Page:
Charlottesville is an enchanting Virginia college town graced by the neoclassical architecture of the university’s founder, Thomas Jefferson. I flew there with two friends, the talented photographer Jonathan Becker and the Vietnam Special Forces Silver Star winner Chuck Pfeifer, all of us close buddies of the deceased. It was the memorial service for Willy von Raab, scourge of drug dealers and illegal immigrants while commissioner of customs for eight years under Reagan. The humorist P.J. O’Rourke and I were the two speakers, and after a rousing ‘America the Beautiful’ we retired for an afternoon of southern hospitality and University of Virginia co-ed watching.
This is not woke, I know, but neither are heterosexuality, beauty or grace — or Christianity, for that matter. Charlottesville brought back memories of careless sunlit days lounging around the frat house drinking mint juleps and writing love letters to Sweet Briar girls: Mary Blair Scott, Ellen Hurst, Natalie Farrar, three beguiling sultry southern belles, now in their late seventies or even early eighties. Believe you me, as they say in the Bronx, jejune Oxford evenings à la Sebastian Flyte had nothing on us — zero, zilch. The South Was Right! Best Price: $21.38 Buy New $36.15 (as of 10:45 EST - Details)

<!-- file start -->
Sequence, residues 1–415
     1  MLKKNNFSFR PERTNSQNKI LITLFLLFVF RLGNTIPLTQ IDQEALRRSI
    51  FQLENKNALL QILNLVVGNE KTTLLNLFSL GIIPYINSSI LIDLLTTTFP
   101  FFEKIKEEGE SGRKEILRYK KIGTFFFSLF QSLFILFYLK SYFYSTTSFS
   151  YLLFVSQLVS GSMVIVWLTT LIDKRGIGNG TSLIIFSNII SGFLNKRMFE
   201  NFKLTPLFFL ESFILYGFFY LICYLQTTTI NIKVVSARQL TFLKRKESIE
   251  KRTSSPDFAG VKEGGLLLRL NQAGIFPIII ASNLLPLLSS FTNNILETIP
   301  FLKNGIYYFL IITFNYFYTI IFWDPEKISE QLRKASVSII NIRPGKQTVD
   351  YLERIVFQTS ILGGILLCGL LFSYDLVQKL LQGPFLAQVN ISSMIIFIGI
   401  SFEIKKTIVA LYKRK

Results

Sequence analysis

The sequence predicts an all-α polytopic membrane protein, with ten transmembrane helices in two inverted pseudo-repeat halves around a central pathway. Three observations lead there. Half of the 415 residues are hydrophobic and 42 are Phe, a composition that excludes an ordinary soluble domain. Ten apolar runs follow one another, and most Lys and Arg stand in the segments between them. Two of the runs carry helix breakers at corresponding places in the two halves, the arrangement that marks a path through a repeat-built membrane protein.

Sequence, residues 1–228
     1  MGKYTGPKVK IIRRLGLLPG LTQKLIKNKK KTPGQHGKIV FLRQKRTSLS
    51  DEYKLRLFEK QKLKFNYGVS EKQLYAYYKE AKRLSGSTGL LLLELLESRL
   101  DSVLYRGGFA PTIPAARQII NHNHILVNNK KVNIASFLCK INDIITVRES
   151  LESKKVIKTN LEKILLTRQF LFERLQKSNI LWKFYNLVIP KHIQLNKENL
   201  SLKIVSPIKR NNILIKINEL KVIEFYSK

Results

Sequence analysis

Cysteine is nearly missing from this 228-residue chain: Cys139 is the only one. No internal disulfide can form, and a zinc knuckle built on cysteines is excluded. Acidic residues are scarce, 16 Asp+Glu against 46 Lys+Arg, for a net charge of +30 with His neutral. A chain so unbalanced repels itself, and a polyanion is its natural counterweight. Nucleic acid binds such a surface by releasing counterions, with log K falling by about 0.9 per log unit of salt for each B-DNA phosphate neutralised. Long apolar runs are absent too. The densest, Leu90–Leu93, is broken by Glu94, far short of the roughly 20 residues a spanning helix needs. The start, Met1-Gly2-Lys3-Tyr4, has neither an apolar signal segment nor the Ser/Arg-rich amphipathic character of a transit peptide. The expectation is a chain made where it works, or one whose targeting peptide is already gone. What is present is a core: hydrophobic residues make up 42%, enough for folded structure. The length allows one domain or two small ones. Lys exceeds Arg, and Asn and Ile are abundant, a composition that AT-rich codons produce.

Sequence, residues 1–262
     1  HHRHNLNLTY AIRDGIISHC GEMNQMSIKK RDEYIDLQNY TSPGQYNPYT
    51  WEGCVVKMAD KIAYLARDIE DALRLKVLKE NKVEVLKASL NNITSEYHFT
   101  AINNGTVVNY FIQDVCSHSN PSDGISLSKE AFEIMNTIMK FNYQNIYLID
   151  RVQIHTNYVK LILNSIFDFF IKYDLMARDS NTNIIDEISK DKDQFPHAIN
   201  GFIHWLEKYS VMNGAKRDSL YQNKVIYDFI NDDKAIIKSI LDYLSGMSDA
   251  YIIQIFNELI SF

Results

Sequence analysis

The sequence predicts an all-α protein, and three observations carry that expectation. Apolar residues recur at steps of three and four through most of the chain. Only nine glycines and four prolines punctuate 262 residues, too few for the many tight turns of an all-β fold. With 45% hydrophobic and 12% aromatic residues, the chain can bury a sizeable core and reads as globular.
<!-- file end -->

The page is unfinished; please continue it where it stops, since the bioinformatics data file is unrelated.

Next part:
The rituals of spring are ever present in Virginia: the cherry blossoms and the magnolias, the pretty girls in their shorts on Fraternity Row, the famous serpentine walls and the imposing Rotunda of Mr Jefferson keeping one’s mind off the horrors and ugliness of big American cities. If only we could go back in time. That’s an old lament of mostly old people. But sitting in the cafés you sat in 60 years ago does concentrate the mind on how lovely youth once was.
How confident we were that life would be a fantastic adventure shared with a myriad of beauties. The honor system that was observed strictly by everyone on and off campus made it easy to be a young adult. There were no scams or hoaxes, no phony accusations of rape or vile language, none of what makes students today so exasperatingly limp, woke and looking to take offense. No one talked about identity or empowerment; only freaks swore. Wearing a coat and tie was not mandatory but everyone did so. The only one in my class who did not was George Finn, excused by his peers because he had fought in Korea.